Less than pretty faces on television: US vs UK

It seems British television is much more likely to feature people and characters on television shows that do not meet the conventional notions of what’s commonly considered ‘attractive.’ Take for instance a show like ‘Doc Martin.’ Caroline Catz and Joe Absolom would be standard attractive fare for American television but doofy-looking Martin Clunes or downright unattractive Ian McNeice would almost never appear on American television in anything but a bit part and here they are major characters. Same thing with ‘New Tricks’ (e.g. Alun Armstrong).

I don’t actually find this type of casting objectionable and it seems a more realistic representation of how the general population appears.

It can’t be just me that’s noticed this?

How *dare *you even mention a person’s physical appearance, you shallow, objectifying . . . objectifier!? :eek:

Just kidding; I wanted to get that in because you never know which way a thread is going to go.

I think, and I could very well be biased as I’ve been a fan for a long while, but I’ve always felt that Brits put less emphasis on looks over talent. Also, the standard of beauty may differ from the US. Not that the standard is lower by any means, just that their tastes may run differently.

It’s one of the reasons I’ve been watching Eastenders all these years (on PBS and the episodes are nine years behind the current show).

Links to photos might have helped, since I’m totally unfamiliar with this show or any of these actors. But upon checking IMDB, I have to say Ian McNeice reminds me of George Wendt (Norm on “Cheers”).

If American TV actors really are more attractive, in general, than their British counterparts, how much of this is due to the fact that America has a larger pool of attractive would-be TV stars to draw from?

You’re missing the point by a factor of many.

Then please enlighten us as to what the “point” is.

American TV and films have always prefered good looks. It’s hard to get a job in Hollywood with a plain-looking face (male or female) other than character roles. Indeed, when a movie needs “unattractive” women for a plot point, they often take attractive women and give them a putty nose or something, since it’s awfully hard to find a young, unattractive woman working.

Note that the first thing you send to a Hollywood audition when you’re starting out is a head shot. That says it all. You don’t have to attractive, per se, but you do need to be “interesting.”

England has one advantage in that stage and TV are all in the same area; in the US, they’re on opposite coasts. Thus someone who’s successful in the West End can be noticed and given a role in a TV series.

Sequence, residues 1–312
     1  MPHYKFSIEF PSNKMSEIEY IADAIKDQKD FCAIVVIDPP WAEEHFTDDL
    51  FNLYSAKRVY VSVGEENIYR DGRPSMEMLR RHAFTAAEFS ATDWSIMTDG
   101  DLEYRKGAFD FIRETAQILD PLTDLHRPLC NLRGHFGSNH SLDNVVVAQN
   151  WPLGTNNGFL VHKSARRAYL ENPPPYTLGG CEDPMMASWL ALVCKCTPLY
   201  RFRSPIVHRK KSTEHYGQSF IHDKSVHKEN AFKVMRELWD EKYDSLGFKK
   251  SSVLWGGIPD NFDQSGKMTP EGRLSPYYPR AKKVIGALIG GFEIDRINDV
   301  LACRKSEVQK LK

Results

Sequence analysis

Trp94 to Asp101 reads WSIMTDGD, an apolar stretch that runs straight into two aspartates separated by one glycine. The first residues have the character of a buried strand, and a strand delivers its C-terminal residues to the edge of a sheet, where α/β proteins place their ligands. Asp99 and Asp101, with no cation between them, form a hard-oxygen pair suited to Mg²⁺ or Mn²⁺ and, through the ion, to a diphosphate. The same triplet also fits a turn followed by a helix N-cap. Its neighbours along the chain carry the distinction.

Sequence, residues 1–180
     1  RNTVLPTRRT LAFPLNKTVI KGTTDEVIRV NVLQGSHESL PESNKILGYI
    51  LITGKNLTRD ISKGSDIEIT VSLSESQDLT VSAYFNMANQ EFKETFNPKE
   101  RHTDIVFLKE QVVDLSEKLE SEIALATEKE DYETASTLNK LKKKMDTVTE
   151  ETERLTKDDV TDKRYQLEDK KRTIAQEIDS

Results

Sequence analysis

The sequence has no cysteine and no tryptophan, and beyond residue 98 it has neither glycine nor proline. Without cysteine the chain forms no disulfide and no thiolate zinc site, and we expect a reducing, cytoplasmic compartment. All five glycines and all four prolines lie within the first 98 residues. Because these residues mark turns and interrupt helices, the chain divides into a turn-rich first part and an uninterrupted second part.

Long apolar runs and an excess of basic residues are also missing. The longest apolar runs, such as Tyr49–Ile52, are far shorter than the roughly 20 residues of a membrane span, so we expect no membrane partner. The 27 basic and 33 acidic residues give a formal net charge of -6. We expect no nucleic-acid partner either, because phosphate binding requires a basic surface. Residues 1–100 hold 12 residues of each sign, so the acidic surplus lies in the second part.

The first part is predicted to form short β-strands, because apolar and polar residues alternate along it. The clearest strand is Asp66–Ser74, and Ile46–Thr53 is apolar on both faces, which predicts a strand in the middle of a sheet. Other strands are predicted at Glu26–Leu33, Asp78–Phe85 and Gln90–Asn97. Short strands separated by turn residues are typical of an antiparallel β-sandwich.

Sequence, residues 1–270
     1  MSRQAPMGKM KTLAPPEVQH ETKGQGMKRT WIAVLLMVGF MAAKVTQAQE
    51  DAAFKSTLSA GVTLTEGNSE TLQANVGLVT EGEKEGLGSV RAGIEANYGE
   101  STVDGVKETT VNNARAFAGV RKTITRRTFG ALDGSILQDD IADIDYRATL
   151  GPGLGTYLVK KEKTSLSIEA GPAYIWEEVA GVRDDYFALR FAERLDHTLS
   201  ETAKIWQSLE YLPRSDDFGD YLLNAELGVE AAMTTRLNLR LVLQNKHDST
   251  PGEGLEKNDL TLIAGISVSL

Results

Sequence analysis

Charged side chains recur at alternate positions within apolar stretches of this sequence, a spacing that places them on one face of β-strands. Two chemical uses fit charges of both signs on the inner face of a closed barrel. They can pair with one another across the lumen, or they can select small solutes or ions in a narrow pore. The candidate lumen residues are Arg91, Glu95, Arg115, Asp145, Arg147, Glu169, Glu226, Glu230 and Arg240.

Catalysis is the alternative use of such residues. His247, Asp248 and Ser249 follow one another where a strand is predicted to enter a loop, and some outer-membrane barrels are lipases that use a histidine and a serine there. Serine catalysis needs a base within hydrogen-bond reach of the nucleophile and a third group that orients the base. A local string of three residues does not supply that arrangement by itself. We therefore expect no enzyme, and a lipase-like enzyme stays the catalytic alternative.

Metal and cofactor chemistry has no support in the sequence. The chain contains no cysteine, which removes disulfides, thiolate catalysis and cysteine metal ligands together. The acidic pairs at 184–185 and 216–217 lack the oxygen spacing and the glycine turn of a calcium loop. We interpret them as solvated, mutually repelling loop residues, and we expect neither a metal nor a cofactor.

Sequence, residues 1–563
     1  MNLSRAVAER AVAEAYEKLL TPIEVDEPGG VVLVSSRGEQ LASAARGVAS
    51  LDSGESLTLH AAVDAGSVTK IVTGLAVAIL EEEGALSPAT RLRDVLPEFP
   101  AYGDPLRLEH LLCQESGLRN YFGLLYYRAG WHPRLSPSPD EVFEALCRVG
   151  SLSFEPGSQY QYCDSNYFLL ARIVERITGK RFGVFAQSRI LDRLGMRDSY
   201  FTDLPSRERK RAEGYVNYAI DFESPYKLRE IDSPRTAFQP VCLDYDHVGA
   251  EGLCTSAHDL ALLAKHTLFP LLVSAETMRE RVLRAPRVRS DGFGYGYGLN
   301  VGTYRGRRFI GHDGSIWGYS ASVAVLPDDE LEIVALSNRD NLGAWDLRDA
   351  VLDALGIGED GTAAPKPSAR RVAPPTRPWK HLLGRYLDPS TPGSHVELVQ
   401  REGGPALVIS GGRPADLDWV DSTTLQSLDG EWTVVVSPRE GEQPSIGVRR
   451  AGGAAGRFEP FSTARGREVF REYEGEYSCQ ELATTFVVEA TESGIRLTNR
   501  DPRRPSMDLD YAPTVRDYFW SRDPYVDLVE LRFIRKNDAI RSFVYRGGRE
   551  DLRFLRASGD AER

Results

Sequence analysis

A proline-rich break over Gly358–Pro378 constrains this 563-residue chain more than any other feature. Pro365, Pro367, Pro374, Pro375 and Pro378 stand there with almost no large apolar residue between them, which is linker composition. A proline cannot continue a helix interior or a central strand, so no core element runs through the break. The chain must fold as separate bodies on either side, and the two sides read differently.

the US media demands perfection from its stars, and those who aren’t attractive/beautiful typically are relegated to roles where they’re either the butt of jokes or just a cliche. e.g. Chris Farley being used mostly as the stereotypical “bumbling fat slob.” Someone who looks like Stephen Fry would not have an easy go of it starting out in Hollywood.

Really? Raymond Burr? Peter Falk? Al Bundy? William Conrad? Homer J Simpson?

Did you know, after that tv went color. Crazy.

… Steve Buscemi, Paul Giamatti, William H Macy…

Aha! Found a link!

It ain’t just me, even the Brits agree

This is most definitely true, however it’s only in the last ten or twenty years that American TV (and film, and music for that matter) have really gone overboard with this. It’s mostly because of the exponential increase in media outlets & social media etc. There are more content providers than there is quality content, so quality has given way to quantity. And there is no shortage of people who have beauty, but limited talent. In the old days they of course looked for both, but decent talent could make up for some lack of beauty. Beauty without talent kept you limited to boat shows and escort services. Not anymore.

Watch American TV shows from twenty years ago, not nearly as many supermodel pretty faces, but by necessity more talent…

Well said

Frances McDormand is – not a great beauty.

This reminds me of the scene in *Cheers *when Coach’s daughter says to him, in response to his comment that she looks just like her mother, “Mom was not . . . comfortable with her beauty”. Makes me misty just thinking about it. Hijack over.

I think Hail Ants makes some good points. I also wonder if America has gotten, um, more superficial and / or beauty obsessed? I realize we’ve *always *been that way- especially Hollywood - but does it seem like we’ve taken it to a whole different level?

FWIW, you’ve now reminded me of Rhea Perlman, and, thus, Danny DeVito.

She was hot and kinda naked in Robert Altman Short Cuts.

Also, anybody and everybody in The Sopranos.

Hey, if you’re a British actor and attractive you come to the United States where the money is.